HBO documentary ‘Foster’ spotlights the foster care system with many moving stories


Andrew DiMartino

Deborah Oppenheimer responds to a student’s question at the Jacqueline Vito LoRusso Alumni & Visitor Center on Thursday, Oct. 21, 2021.

Jason Guth, Staff Writer

Academy Award-winning television and film producer and Buffalo State alumna, Deborah Oppenheimer, returned to campus last week to share her career journey with students, culminating in a screening of her 2018 documentary, “Foster.”

Reunited with writer-director Mark Jonathan Harris – with whom she won her Academy Award with “Into the Arms of Strangers: Stories of the Kindertransport” (2000) – the foster care system in and around Los Angeles is explored in her latest documentary, shedding light on the oft-misunderstood system.

The documentary begins inside the offices of the Los Angeles County Department of Children and Family Services (DCFS), the largest such agency in the U.S., as social workers field calls about children in need of foster home placement. The reasons range from abuse and neglect to parents with drug addictions.

According to the documentary, over 400,000 children makeup the foster care system in the U.S., and around 4 million cases of abuse and neglect are reported to child protection agencies each year. It is a system that is overburdened and generally viewed negatively, a narrative the documentary aims to dispel.

We are first introduced to a woman named Jessica Chandler. Her journey highlights a success story in the foster care system – once a foster child after being placed into the system when her parents divorced when she was 8-years-old, she is now a social worker who helps children experiencing fates similar to hers’.

Introduced next is a charming woman who has been a foster parent for three decades, Earcylene Beavers.

Mrs. Beavers has five foster children – Jake, Denyshia, Sydney, Adrienne and Casi – whose ages range from 8 to 23. Jake has cerebral palsy and has been with Mrs. Beavers since he was 3 and Casi has autism.

A foster family filled with love, compassion and support, it would seem that the children have found their “forever home” with the inimitable Mrs. Beavers – who has fostered over 1,000 children over the last 30 years.

As previously mentioned, the documentary also explores a common problem that necessitates children being placed in the foster care system – parental drug abuse.

In this instance, it revolves around young parents Raeanne and Chris and their baby girl, Kris’Lyn. Kris’Lyn was born after Raeanne tested positive for cocaine, and the story follows the couple’s custody hearing and visits to the hospital where medical tests are performed to determine whether Raeanne’s cocaine use had serious effects on Kris’Lyn.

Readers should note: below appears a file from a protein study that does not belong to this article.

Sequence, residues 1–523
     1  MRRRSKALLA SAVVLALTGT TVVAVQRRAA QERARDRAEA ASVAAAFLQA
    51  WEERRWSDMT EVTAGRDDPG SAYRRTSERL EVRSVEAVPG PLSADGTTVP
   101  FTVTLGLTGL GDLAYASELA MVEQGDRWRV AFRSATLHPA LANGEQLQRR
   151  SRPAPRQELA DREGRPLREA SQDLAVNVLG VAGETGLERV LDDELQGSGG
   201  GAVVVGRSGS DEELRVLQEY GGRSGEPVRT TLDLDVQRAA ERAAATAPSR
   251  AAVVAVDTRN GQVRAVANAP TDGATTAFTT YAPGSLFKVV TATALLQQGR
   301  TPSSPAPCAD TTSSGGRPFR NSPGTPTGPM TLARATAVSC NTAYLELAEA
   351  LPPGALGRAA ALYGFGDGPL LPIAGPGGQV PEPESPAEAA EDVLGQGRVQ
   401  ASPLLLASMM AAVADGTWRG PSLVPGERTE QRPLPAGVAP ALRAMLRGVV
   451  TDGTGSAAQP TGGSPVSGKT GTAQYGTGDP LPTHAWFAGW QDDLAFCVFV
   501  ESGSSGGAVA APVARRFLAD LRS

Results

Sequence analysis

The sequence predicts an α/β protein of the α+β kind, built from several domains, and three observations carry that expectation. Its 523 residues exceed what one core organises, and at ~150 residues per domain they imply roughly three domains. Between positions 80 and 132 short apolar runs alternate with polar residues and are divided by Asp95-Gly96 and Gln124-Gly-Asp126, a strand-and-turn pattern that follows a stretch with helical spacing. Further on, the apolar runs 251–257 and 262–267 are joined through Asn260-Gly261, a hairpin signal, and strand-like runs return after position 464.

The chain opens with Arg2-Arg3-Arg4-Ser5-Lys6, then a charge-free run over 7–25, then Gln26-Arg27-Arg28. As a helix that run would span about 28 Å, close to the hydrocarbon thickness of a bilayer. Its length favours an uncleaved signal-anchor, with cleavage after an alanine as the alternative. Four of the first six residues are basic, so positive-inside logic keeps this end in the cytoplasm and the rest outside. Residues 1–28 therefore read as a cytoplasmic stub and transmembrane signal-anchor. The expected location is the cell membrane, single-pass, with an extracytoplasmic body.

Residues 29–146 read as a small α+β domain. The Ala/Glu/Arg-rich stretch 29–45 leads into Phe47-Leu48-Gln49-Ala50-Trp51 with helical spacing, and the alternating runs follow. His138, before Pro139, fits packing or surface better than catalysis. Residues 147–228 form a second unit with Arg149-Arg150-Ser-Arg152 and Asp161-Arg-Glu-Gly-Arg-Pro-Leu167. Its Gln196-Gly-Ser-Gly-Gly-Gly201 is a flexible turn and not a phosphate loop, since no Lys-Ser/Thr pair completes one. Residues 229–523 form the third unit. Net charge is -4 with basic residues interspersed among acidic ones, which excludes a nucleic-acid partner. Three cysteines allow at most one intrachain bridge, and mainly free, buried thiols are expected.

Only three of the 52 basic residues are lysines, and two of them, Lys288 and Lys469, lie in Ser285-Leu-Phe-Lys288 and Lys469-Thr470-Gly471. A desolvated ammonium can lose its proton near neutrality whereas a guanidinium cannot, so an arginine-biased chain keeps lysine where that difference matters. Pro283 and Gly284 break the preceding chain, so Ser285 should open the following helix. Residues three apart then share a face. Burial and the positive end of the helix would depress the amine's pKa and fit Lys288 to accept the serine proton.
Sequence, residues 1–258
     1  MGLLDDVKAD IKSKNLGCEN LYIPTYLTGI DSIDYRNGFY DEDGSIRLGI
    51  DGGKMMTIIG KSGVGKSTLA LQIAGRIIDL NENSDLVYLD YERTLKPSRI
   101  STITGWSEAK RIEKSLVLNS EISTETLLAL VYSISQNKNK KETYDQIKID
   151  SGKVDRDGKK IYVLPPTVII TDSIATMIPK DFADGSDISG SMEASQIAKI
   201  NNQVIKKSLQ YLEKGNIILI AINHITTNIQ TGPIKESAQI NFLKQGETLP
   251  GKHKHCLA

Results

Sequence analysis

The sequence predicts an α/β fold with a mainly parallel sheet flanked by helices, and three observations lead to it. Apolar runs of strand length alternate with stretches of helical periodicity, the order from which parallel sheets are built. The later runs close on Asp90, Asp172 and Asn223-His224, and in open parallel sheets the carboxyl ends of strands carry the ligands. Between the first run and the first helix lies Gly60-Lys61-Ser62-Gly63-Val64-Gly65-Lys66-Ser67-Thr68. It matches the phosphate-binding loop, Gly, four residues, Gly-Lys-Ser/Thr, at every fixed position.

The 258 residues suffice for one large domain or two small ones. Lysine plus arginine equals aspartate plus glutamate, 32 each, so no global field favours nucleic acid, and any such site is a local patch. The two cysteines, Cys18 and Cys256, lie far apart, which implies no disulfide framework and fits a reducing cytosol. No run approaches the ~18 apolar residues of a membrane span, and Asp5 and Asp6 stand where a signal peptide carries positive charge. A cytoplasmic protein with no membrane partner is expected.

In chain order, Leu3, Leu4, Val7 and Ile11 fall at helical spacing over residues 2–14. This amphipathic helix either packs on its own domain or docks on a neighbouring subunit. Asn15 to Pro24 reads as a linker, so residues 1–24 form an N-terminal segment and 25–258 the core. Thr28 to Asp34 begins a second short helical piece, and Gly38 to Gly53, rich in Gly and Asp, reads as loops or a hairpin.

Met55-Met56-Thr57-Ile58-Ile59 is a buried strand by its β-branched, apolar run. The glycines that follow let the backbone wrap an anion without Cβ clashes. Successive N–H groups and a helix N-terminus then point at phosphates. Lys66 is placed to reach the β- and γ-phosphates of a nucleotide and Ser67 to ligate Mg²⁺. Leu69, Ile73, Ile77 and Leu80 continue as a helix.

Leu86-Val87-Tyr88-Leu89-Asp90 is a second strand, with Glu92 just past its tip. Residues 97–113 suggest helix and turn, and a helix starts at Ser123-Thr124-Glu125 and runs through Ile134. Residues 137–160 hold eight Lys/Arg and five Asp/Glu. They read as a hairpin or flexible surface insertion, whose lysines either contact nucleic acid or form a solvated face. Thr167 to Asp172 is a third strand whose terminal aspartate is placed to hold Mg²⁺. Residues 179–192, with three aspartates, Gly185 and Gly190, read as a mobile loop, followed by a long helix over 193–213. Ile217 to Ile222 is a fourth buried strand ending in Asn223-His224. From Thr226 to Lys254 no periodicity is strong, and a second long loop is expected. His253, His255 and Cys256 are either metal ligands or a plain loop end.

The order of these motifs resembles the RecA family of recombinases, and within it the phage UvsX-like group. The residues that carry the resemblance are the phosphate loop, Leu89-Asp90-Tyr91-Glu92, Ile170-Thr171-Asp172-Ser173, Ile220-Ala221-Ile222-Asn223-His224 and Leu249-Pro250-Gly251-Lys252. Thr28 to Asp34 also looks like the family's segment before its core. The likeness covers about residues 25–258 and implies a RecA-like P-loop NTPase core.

We are also introduced to Mary, an 18-year-old girl who was abused by her mother and placed into the foster care system at a young age. When asked how many foster homes she has been in, Mary couldn’t give an exact number, only to say it was somewhere around 20.

“Foster” follows her journey through college as she struggles to adapt to the advanced learning environment, something she attributes to being a “drug baby.”

This leads us to Dasani, a 16-year-old boy who has been in and out of group homes since 2014. An example of the effects of instability on foster children’s lives, Dasani’s journey is detailed through his juvenile court hearings.

His relationship with Robert J. Totten, Commissioner of the California Superior Court, is truly unique given the gravity of Dasani’s childhood.

Ultimately, “Foster” does a tremendous job spotlighting just one of the DCFSs within the foster care system, providing a profound look at a system bereft of stability. It truly makes one question how our society has allowed children to endure such tragic upbringings, exemplifying the need for more souls akin to Mrs. Beavers’.

Thus, it is my hope that the reader not only watches this documentary, but perhaps one day seriously considers foster parenting.

“Foster” has certainly inspired me to consider it as I reach a stable position after college, and if the foster care system is to ever shed its negative connotations, we must become a more open-minded and empathetic society.

After all, as Nelson Mandela once said, “There can be no keener revelation of a society’s soul than the way in which it treats its children.”

Watch the documentary here (HBO Max subscription required).